I then switched all of us to Eco.Kid Prevent Shampoo. It smells like lemons, yet still seems very mild.
I like the fact both products are made with essential oils and not strong chemicals.

Do they work?

Well, we didn't get lice, so whether that was just luck or the products, I can't say, but it did give me peace of mind. I think for that it was worth it, as well as the fact they both smell really nice and the boy didn't have any problems with them.

December 13, 2015

Waiting to Adopt

This is a post I keep drafting and stopping and trying to write. If you follow me on Instagram, you know we finally got the call for a potential adoption. The mother is not due to give birth for another couple of weeks, and she can change her mind at any time. The waiting has been awful! We were told it would be tough, but it's hard to put into words what it actually feels like until you're dropped into it.

Getting the call was like being handed a positive pregnancy test, except I hadn't peed in a cup. It's like, "wha? huh?" Maybe this is how men feel?

A million thoughts ran through my head - about the present and the future.  Once I got over the "is this really happening?" feeling, I couldn't help but start to plan and wonder. One minute everything is the same as always and the next you know huge changes will be coming along, you just don't know when or for sure.

Picture of three sets of feet and an empty pair of shoes with orange text across saying, "our family is growing by two feet" by OneQuarterMama.ca


I started going into nesting mode - cleaning and organizing clutter in the house. Luckily, my friends did with me as well, and started to bring me baby things we may need.

The feelings I have now are mixed with excitement and fear. Fear of the unknown. Fear of heartbreak. Adoption takes an incredible amount of trust and bravery on both sides.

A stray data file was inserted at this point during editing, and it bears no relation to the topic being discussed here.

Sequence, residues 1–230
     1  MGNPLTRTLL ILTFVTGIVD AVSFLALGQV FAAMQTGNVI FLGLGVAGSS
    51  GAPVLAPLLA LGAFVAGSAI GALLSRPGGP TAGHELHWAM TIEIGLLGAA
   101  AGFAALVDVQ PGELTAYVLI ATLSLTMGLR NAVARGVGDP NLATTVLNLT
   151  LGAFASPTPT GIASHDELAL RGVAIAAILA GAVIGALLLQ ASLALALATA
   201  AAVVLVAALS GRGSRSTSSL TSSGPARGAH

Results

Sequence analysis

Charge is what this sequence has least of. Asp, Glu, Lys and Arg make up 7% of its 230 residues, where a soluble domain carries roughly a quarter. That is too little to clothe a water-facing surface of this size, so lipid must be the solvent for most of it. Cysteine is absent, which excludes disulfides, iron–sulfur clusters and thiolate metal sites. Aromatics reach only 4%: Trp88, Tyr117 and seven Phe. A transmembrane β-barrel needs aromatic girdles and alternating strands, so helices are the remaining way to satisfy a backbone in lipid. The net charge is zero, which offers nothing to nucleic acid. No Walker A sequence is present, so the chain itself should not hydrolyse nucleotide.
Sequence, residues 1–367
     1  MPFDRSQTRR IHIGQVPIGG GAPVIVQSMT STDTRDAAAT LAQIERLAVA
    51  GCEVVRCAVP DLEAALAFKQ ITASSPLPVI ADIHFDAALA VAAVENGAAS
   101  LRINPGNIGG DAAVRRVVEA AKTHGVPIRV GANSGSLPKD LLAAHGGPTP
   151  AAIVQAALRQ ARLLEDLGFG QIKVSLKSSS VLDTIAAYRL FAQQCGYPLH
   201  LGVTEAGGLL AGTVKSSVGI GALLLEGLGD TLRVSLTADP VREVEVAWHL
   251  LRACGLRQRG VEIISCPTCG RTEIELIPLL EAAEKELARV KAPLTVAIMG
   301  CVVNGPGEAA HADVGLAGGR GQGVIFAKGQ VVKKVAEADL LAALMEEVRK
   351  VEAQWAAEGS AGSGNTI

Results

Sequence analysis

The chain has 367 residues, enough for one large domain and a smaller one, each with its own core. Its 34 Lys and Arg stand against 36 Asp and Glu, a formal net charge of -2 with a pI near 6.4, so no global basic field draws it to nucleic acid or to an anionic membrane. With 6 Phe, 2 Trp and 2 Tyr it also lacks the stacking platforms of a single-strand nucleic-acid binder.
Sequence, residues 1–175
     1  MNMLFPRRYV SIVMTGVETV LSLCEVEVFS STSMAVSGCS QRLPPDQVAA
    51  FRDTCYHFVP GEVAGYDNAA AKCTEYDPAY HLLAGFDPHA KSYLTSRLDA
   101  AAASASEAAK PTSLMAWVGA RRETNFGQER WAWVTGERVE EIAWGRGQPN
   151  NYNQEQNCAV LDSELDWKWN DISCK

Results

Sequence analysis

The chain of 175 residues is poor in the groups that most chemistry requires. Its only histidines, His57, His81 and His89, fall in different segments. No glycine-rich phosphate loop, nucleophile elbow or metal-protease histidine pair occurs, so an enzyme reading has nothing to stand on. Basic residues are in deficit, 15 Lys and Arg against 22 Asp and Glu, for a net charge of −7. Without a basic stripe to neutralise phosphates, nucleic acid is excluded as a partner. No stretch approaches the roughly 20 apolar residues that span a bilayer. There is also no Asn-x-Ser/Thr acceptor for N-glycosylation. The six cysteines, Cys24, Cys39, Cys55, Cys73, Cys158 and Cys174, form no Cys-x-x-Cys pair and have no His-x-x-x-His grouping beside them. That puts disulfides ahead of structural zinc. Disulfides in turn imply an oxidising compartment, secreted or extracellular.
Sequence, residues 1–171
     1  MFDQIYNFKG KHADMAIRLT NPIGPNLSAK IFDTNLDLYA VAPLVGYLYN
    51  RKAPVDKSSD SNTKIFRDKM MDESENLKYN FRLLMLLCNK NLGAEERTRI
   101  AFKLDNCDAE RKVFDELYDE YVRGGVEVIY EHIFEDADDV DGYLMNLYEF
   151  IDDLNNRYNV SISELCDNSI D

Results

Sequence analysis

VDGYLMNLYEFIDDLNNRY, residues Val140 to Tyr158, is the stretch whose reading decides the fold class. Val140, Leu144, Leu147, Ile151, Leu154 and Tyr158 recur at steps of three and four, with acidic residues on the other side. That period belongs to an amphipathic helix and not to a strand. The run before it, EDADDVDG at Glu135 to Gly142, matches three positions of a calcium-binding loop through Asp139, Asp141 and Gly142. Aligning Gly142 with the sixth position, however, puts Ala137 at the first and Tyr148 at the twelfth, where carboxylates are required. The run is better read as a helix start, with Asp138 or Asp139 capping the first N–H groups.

Because of all the emotions I am going through, I started looking online for ways others can help us through this time. I could not find very much info, so I'm starting a list I hope can help us and others also going through The Wait:

I know you have questions, but you're not the only one asking me questions. On top of that, we're asking ourselves questions. So maybe try to keep your own questions to a minimum? Some answers will be apparent to everyone in time.

Please also understand that I can't or won't answer certain things. Some things I honestly don't know and others are just no one else's business. My child's story is theirs alone to tell and again, if it's important for you to know, you will have your answers in time.

I need you to know that as excited as I am, it is tempered by worry things won't work out and sadness for the loss my child and his mother will experience.

I need you to help me prepare my home and mind, the same way I would if I were pregnant. At the same time, we can enjoy our last moments of "freedom" before my life gets taken over by bottles and diapers. Invite me out for coffee, take me for a spa day - distract and pamper me like any mother-to-be.